But the sticking point is efficiency - using less energy to produce something from the gas than that gas represents in emissions.
Enter biocatalysts - enzymes or hormones that increase the rate of a chemical reaction.
Newlight Technologies has been working since 2003 to fashion a biocatalyst that would help them turn the energy in methane and carbon dioxide into PHA (polyhydroxyalkanoate) based plastic, and at a level of efficiency that would make their plastics comparable price-wise with plastics such as polypropylene produced from petroleum.
After nearly a decade, the company has a biocatalyst that it says performs five times better than previous catalysts.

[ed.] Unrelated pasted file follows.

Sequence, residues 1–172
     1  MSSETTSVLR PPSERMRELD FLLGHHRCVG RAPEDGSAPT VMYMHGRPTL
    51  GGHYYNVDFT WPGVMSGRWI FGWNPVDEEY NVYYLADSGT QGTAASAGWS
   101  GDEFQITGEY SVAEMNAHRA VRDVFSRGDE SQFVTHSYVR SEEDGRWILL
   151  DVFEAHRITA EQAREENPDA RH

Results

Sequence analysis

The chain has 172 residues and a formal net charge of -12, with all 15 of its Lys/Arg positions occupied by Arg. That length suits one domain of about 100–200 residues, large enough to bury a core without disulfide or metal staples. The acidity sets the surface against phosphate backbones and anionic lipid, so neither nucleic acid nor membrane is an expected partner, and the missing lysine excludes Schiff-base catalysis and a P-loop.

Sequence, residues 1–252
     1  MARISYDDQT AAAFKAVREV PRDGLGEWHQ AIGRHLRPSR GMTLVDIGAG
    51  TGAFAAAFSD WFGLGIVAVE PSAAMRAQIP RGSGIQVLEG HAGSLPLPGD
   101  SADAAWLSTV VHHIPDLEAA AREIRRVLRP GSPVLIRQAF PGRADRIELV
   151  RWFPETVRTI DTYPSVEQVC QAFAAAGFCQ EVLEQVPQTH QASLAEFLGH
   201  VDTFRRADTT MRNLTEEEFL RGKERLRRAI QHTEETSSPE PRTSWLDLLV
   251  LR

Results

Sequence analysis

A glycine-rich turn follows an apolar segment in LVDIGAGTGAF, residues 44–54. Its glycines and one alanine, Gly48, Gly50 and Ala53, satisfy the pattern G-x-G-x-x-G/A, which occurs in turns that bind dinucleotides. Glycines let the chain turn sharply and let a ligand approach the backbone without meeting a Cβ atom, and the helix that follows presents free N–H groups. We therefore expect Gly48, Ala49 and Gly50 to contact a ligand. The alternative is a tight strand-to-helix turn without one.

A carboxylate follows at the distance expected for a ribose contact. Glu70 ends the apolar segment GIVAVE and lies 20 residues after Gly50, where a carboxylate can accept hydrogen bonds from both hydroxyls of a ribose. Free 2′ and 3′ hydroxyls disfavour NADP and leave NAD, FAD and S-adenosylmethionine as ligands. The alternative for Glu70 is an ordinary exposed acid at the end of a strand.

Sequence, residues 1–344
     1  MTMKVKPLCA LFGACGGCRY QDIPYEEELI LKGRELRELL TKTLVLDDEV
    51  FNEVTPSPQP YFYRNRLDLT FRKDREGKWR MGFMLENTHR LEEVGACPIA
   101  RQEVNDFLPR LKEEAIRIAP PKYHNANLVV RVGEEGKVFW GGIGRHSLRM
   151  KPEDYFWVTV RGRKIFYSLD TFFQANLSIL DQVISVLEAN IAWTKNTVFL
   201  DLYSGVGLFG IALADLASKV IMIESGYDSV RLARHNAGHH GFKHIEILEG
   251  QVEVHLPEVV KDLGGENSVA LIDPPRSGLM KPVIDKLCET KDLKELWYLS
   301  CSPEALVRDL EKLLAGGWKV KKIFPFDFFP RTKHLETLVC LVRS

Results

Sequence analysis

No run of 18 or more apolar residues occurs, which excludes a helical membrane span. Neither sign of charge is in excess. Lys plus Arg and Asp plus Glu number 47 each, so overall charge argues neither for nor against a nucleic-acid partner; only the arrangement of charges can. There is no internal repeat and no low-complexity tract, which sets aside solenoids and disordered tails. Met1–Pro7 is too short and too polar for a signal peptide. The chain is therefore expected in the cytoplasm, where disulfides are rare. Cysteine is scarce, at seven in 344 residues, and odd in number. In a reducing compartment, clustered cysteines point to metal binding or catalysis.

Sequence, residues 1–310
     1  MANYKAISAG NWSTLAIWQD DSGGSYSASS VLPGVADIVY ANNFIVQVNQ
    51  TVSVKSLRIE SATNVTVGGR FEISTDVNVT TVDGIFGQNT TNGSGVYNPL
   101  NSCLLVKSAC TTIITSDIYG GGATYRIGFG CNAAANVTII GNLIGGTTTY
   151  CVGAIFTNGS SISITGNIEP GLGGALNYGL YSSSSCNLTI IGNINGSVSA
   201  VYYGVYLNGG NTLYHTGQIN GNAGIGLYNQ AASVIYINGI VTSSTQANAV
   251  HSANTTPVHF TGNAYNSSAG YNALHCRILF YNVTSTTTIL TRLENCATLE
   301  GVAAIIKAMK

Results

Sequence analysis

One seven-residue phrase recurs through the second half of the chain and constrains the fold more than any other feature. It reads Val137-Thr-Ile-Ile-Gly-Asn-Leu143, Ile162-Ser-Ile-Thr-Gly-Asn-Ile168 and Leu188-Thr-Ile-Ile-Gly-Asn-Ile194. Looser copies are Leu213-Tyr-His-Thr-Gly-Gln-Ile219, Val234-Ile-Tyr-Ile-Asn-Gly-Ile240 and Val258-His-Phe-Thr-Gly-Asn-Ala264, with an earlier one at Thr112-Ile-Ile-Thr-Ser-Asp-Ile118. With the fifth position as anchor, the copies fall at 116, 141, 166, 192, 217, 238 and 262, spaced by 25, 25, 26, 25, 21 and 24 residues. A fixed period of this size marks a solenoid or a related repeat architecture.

So what about the chairs?
Well, Newlight has been finding a number of companies to work with that use polypropylene, and one of them is KI, which makes a range of chairs for offices and educational institutions.
PHA-based plastics have eco-advantages over petroleum plastics, and in Newlight's case the AirCarbon plastic they provide to KI uses no oil or food crops in production; is carbon negative, and is made simply from methane or carbon dioxide and the enzymatic biocatalyst.
For its part, KI plans to put the AirCarbon plastic into chairs in both its Strive and Grazie chair collections. KI can call the chairs 'carbon negative' because more greenhouse gas is sequestered - mostly from dairy farms - to make the plastic than is emitted in producing the chairs.
While you may never buy a KI chair, it might not be long before these carbon-negative chairs like the collapsible Strive nesting chair show up in a cafeteria or conference room near you. KI is currently performing its own lifecycle analysis on the new chair lines and plans to introduce products sometime in 2014.